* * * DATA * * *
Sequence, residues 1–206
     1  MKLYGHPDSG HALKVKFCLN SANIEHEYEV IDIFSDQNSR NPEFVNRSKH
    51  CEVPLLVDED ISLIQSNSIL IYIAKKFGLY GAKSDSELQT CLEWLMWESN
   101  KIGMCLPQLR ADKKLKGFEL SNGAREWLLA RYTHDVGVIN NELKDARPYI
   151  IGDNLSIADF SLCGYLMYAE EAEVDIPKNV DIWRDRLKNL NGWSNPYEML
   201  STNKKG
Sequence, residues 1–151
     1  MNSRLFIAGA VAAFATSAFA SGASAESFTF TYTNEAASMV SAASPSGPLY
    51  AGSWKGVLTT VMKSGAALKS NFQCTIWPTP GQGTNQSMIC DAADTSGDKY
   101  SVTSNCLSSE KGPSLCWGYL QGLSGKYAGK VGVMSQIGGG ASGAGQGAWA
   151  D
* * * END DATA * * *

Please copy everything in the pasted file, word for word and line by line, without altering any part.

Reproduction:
Sequence, residues 1–206
     1  MKLYGHPDSG HALKVKFCLN SANIEHEYEV IDIFSDQNSR NPEFVNRSKH
    51  CEVPLLVDED ISLIQSNSIL IYIAKKFGLY GAKSDSELQT CLEWLMWESN
   101  KIGMCLPQLR ADKKLKGFEL SNGAREWLLA RYTHDVGVIN NELKDARPYI
   151  IGDNLSIADF SLCGYLMYAE EAEVDIPKNV DIWRDRLKNL NGWSNPYEML
   201  STNKKG
Sequence, residues 1–151
     1  MNSRLFIAGA VAAFATSAFA SGASAESFTF TYTNEAASMV SAASPSGPLY
    51  AGSWKGVLTT VMKSGAALKS NFQCTIWPTP GQGTNQSMIC DAADTSGDKY
   101  SVTSNCLSSE KGPSLCWGYL QGLSGKYAGK VGVMSQIGGG ASGAGQGAWA
   151  D